The budget boiled down - how will it affect you?


The budget can be mind-boggling.  In today’s post, we’ve plucked out the key points that are most likely to affect you.


The Economy

  • Slow growth, revised from 2% to 1.5% this year  (Hammond was close-lipped about the causes for the slowing economy, but many blame Brexit concerns.  There is a clear and sobering decline in UK productivity.)
  •  More borrowing compared to original goals – £49.9bn less this year, instead of previous goal of £58bn less.  (The Conservatives are still staying good to their promises of lowering the UK deficit, but the budget indicates the reduction will be at a slower pace than originally intended.)



  • £400m for infrastructure to charge electric cars
  • No taxes for charging electric vehicles at work.
  • 1 percentage point increase in taxes on company diesel cars
  • From 2018, a tax increase on diesel cars that don’t meet standards
  • New railcard to be available to 4.5 million people aged 26-30
  • Increase on air passenger duty on premium class tickets.
  • Rise in fuel duty cancelled.


Universal credit

  • £1.5bn to repeal the 7 day waiting period
  • New claimants in receipt of housing benefit will get it for two weeks.

(An expensive move, but a step towards increased fairness that campaigners have been asking for.)


Living wage

  • Up to £7.83 from £7.50 – still below the ‘real living wage’ of £8.75


Income tax

  • Personal allowance rises to £11,850 from April;
  • Higher rate (40%) threshold increases to £46,350.


Alcohol and tobacco

  • Spirits wine and beer – Frozen.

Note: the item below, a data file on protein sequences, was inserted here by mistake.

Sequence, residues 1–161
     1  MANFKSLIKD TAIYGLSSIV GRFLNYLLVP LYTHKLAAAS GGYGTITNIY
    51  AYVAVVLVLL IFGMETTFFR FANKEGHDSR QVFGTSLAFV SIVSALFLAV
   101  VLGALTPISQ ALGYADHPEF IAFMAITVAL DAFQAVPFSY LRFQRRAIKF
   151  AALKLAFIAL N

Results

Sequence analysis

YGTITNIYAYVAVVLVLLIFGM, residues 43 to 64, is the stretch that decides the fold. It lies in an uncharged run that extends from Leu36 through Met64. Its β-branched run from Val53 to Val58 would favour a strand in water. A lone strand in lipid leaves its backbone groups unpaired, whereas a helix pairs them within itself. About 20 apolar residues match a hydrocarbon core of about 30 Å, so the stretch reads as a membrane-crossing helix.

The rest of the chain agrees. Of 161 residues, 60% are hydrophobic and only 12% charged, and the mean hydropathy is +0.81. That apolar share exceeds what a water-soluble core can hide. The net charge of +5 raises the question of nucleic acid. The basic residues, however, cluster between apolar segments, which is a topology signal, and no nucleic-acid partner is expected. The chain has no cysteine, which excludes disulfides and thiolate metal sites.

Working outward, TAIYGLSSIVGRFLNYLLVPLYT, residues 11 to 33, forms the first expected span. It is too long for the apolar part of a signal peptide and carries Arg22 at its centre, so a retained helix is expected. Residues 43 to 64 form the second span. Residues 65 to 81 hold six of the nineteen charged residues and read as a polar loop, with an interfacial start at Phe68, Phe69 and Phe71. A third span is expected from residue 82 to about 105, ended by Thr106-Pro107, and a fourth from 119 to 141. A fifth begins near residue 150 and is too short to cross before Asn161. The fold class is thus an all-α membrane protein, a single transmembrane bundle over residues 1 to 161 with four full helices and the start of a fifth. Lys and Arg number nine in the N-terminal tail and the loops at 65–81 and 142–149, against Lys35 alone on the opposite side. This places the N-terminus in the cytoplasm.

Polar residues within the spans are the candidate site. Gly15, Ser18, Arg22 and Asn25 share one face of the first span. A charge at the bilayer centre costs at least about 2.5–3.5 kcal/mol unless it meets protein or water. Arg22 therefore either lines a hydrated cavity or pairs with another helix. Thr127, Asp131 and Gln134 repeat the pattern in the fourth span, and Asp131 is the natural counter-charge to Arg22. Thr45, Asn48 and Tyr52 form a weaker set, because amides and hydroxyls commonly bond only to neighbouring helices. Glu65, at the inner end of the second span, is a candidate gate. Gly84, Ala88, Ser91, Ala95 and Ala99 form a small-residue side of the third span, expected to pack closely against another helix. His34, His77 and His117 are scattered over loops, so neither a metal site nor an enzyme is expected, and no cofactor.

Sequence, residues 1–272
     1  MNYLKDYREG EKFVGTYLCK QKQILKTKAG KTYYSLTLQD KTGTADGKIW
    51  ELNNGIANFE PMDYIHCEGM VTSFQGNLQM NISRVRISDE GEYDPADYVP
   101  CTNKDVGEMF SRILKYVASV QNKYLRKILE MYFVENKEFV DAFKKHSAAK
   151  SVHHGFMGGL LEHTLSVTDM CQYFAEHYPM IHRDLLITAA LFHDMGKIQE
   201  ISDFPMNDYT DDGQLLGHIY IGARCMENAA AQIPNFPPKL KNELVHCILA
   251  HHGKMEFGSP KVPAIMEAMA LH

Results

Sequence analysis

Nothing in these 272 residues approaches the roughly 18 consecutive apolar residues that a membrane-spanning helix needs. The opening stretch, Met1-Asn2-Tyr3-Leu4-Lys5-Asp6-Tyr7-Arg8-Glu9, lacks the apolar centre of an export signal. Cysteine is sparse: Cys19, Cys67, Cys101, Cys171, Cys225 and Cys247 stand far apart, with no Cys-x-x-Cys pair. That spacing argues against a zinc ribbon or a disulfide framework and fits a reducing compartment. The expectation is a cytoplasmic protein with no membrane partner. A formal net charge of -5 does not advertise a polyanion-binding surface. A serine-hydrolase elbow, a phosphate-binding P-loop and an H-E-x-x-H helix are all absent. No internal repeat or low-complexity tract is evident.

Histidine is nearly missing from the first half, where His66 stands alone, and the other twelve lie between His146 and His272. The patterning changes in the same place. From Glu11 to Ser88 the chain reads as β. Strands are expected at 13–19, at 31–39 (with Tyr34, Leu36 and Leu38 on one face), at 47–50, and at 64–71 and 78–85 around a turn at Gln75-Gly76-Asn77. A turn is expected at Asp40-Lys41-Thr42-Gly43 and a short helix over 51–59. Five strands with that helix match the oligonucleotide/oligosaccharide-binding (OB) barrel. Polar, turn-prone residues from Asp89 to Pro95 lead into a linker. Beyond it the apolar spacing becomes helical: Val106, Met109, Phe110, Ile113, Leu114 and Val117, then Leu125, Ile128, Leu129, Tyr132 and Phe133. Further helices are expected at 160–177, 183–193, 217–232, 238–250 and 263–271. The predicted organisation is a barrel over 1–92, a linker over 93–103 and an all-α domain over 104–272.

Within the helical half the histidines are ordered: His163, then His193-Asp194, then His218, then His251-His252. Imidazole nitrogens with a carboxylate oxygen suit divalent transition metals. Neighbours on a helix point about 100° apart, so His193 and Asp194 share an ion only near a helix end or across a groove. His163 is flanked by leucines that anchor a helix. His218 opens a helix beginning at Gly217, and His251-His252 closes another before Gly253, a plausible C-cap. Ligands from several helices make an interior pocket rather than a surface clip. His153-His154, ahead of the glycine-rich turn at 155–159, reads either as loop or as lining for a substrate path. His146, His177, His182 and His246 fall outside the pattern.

• Higher strength white cider – increase via new legislation.
  • Tobacco duty will rise by 2% above inflation
  • Minimum excise duty on cigarettes and hand-rolled tobacco will also rise


Business rates

  • Rises in business rates to be linked to CPI measure of inflation, not RPI
  • Staircase tax: businesses hit will have original bill reinstated.
  • Discount for pubs (rateable value less than £100,000) extended by one year to March 2019.



  • Consultation on the Small Business VAT threshold, currently £85,000

(After repeated calls to lower the threshold, Hammond has opted instead to start a consultation on the matter.)



  • Stamp duty abolished for first time buyers on homes up to £300k.
  • 100% council tax premium on empty properties.
  • £28m in three new housing pilots – in the West Midlands, Manchester and Liverpool – to halve rough-sleeping by 2022.
  • £44bn for capital funding to help build 300,000 homes annually by 2020, and five new garden towns.
  • £8bn of financial guarantees to support private building.
  • £2.7bn housing infrastructure fund.
  • £34m for construction skills.


As experienced accountants and business advisors, we can tell you exactly how the budget is likely to affect your business.  Contact us at your convenience for a more detailed discussion on what you can expect.





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